Hark! she speaks. I will set down what comes/
from her, to satisfy my remembrance the more/
strongly. (Macbeth, Act 5, Scene I, spoken by the Doctor, who prepares to observe Lady Macbeth’s sleepwalking behaviors)
Lion- or lamb-like, March 2014 has come and very nearly gone. Here in the States, many are swept up in a maelstrom of March machismo. Sadly, across the globe, others are ensnared in different kinds of life-and-limb madness altogether.
But, to look at it more positively, if you are a writer or artist, perhaps this month has afforded you the time to self-reflect or make progress on a novel, short story, poem, or other work. In that vein, I would like to offer you a few potential markets to consider in your progression as a creative individual. I’ve decided that most of the markets I search out and share will be free, and I will endeavor to find international markets as well as North American ones—so that you may learn to navigate yourself through the submission processes at work at different magazines, publishers, or other forums, both fee-based and no-fee. I myself occasionally chose to submit to a contest or magazine that charges a reading fee, because I know that many literary magazines operate on a micro-shoestring budget and I want to support their work. Some markets these days also offer critiques or subscriptions when you pay a submission fee. So, it’s then up to you to read the instructions fully with regard to what copyrights you retain or give up with your submission, as well as the submission parameters—and hew to them or face the rejection pile.
- ENTRY FEE & NO ENTRY FEE: The moonShine Review: This North Carolina–based literary magazine accepts previously unpublished prose and photography, noting that “Our goal is to bring about understanding through art and writing by providing a venue for unique voices.” During a regular submission cycle, you can submit up to 4 shorter pieces, with nothing more than 3,000 words in length. Their preference is for 2,200 or fewer words. Payment is in one comp, or complimentary, copy of the magazine. They say they accept work from anywhere, but prefer southeastern (U.S.) writers. The upcoming reading deadline is Sept. 1, 2014 (postmark). See more general submission criteria on their site. Note that they are also holding a 10th anniversary writing contest with entirely different criteria, a $5 submission fee, and a July 1, 2014 deadline. As ever, I recommend you familiarize yourself with the market, agent, or magazine prior to submitting.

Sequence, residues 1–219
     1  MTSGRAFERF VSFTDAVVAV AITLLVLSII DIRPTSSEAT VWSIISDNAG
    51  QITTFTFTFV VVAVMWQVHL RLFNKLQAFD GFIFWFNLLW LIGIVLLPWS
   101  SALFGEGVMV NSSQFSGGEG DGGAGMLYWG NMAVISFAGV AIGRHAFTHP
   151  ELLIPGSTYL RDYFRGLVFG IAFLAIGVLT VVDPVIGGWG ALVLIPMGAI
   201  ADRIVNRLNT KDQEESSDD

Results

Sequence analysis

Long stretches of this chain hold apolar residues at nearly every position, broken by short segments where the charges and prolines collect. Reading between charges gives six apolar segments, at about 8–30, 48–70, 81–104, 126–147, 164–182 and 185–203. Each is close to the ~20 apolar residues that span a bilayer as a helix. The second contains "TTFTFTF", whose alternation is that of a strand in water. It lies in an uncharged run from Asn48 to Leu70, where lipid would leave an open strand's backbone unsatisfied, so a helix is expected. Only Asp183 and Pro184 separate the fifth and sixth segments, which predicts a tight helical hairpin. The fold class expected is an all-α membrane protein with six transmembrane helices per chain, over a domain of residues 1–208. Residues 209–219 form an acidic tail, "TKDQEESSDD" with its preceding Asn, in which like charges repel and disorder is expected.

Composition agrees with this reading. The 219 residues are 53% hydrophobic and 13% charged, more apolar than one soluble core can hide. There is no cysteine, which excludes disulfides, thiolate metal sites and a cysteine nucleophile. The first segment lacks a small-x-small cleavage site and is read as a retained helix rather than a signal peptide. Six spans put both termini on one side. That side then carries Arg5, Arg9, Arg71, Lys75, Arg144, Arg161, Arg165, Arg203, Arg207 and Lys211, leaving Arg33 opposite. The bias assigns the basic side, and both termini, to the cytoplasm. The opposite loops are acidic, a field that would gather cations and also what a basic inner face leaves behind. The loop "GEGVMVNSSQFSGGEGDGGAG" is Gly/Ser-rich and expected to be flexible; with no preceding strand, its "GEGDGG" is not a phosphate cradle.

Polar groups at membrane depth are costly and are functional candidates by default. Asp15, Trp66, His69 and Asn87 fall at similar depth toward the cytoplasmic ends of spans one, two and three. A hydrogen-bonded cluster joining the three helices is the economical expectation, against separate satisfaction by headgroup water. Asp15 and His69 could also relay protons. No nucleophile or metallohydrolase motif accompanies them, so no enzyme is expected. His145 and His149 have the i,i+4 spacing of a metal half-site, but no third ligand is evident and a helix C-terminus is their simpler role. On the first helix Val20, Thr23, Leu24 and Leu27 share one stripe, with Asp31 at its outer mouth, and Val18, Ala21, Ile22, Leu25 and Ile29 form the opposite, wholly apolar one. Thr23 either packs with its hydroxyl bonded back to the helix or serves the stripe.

- ENTRY FEE & NO ENTRY FEE: Situated along the Mississippi River in St. Louis, Missouri, River Styx magazine has been navigating literary waters since 1975. They have (or have had) microfiction, poetry, and prose contests afoot, as well as regular submissions (including visual art, which has different criteria & submission period) during a reading period from May 1 through November 30 (postmark) every year, so sharpen those pencils, brains, or calloused computer fingers, friends! Right now, they have several contests in swing, including an international poetry competition ($1500 top prize; $10 or $20 entry fee) and a poetry competition for high school students, called the River Styx 2014 Founder’s Award. Check the previous link for submission deadlines and details.
- ENTRY FEE REQUIRED: A special thanks goes out to writer-friend Ali Abbas, who has some outstanding prose of his own, in that I have received another suggestion: NYC Midnight. NYCM has a series of challenges throughout the year; right now, their screenwriting competition is about to kick off. For a $39 entry fee, you will be given an assignment then have 8 days to craft “an original short screenplay no longer than 12 pages” FOR ROUND ONE. If selected, your manuscript will advance through rounds, where the criteria will differ. The final deadline (along with entry fee) is May 1.
- NO ENTRY FEE: Finally, the editorial staff of The Louisville (Kentucky) Review read manuscripts year-’round. I really like TLR‘s mission statement: “The goal of the magazine continues to be to import the best writing to local readers, to juxtapose the work of established writers with new writers, and to export the best local writers to a national readership.” They review previously unpublished manuscripts of poetry, fiction, creative nonfiction, and drama only. TLR prefers electronic submissions. Poetry from students in grades K-12 is also considered for The Children’s Corner. Their reply time is 4 to 6 months, and they consider simsubs (or simultaneous submissions), but be sure to touch base with them if you have any questions about their process.
If you know of others you would recommend, please consider leaving a comment. As always, best wishes on your writing and artifying. Keep at it!